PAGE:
QuInAs Technology, a British developer of a novel non-volatile memory, announced the purchase of equipment to produce a 20nm prototype. The sample must confirm UltraRAM’s claimed high characteristics, from the highest read speeds to the ability to withstand 10 million rewrite cycles. After that, the company expects to start small-scale production of the new product and find customers among world-renowned memory manufacturers.
UltraRAM memory was developed by physicists at the British Universities of Lancaster and Warwick. To commercialize the development, QuInAs Technology was founded this winter. The company’s debut took place at the current August Flash Memory Summit 2023. In addition, it received the prestigious award as “The most innovative flash storage startup”. They say representatives of Meta✴ tormented inventors with questions. They really liked the energy efficient parameters of the new product.
Resource journalists Tom’s Hardware got the opportunity Visit the lab where UltraRAM samples are created and tested. QuInAs’ technology specialists continue to work at the Faculty of Physics at Lancaster University. With the money received from investors, they buy new production and testing equipment for the laboratory and, in the next step, want to bring UltraRAM samples to the technological standard of 20 nm.
Testing 20nm samples will confirm and most likely even improve the already very, very good properties of future non-volatile memories that can potentially replace 3D NAND flash memory. The developer expects an order of magnitude reduction in UltraRAM latency compared to DRAM-RAM and an increase in rewrite cycles to 10 million or even more, which is several orders of magnitude more than modern 3D NAND. The latency when reading UltraRAM should be around 1 ns.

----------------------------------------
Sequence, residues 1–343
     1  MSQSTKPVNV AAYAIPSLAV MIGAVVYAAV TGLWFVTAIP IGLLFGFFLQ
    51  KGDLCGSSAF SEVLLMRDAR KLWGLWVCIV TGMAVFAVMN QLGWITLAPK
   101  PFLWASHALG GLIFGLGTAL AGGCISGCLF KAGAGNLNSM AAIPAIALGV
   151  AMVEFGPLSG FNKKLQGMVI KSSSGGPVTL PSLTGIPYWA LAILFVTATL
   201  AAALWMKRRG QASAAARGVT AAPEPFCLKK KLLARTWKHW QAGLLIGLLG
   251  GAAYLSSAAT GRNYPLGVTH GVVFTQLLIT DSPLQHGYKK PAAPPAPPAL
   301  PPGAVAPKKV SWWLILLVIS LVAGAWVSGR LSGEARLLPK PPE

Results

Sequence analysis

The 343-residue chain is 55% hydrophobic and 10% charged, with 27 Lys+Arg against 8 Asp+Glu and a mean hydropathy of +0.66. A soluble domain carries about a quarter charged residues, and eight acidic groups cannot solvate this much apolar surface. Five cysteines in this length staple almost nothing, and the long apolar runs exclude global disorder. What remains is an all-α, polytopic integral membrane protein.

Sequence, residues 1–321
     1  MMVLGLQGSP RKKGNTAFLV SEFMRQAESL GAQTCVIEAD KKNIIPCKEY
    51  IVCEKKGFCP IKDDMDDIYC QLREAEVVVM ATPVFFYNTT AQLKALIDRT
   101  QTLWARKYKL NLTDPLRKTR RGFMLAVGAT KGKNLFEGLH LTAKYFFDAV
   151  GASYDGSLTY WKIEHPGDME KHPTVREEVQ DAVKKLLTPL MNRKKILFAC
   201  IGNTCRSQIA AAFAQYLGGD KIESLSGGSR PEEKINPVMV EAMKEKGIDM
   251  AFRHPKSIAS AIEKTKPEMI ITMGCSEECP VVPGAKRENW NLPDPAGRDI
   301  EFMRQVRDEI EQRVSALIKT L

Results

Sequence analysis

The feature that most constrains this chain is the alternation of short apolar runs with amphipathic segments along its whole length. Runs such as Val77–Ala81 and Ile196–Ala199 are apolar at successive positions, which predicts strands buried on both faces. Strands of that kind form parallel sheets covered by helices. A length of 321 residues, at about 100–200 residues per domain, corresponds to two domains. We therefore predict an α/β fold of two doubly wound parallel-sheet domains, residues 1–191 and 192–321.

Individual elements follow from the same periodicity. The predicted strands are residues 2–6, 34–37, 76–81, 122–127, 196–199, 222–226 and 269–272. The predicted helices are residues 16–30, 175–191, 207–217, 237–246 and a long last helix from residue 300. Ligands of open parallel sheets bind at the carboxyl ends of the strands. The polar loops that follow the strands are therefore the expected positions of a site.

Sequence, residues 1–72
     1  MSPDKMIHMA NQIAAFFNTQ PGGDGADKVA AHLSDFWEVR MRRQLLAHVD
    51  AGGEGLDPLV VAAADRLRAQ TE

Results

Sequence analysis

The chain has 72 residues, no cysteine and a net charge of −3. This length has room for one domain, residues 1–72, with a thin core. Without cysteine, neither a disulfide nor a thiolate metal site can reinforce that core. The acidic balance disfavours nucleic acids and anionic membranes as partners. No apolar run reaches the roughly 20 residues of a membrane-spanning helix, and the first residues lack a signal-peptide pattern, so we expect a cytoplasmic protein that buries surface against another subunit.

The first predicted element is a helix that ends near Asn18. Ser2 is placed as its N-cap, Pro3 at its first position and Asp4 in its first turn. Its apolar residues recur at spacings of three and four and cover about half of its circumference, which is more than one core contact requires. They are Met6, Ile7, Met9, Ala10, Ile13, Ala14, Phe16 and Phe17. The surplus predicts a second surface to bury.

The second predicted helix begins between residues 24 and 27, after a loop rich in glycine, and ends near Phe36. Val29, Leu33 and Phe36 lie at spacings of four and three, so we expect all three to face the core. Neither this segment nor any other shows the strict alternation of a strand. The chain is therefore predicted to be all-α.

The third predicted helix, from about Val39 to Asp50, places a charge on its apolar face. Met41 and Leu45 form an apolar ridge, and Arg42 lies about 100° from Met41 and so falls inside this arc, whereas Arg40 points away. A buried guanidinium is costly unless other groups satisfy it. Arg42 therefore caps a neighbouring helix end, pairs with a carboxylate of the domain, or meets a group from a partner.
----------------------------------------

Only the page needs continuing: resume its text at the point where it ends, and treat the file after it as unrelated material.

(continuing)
In addition, the charge in UltraRAM cells can be stored for over 1000 years without leakage, generally indicating their high energy efficiency. UltraRAM promises to be 100 times more power efficient than DRAM and 1000 times better than 3D NAND.
An innovative three-layer floating valve made of indium arsenide and aluminum antimonide (InAs / AlSb) ensures maximum energy efficiency and leakage protection. In conventional 3D NAND memory, the oxide floating gate in the cell is gradually destroyed, while in UltraRAM memory the three-layer gate is almost neutral to external influences. Reading is also done in a non-destructive manner, which in total amounts to an incredible number of rewriting cycles by modern standards. Electrons tunnel through the triple barrier into the cell at resonance and exit in the same way during the erasing process, making the writing process very, very energy efficient.
To continue work on UltraRAM, the company received a grant from Innovate UK’s ICURe Exploit fund, which it should announce soon. The funds will help advance commercialization of the product. As QuInAs Technology admitted, memory manufacturers are being sought in Taiwan, not Europe. Apparently processors and controllers will be the first to use the new memory as embedded arrays. High-speed, wear-resistant and non-volatile memory for processors is the key to increased performance, mobility and even new architectures.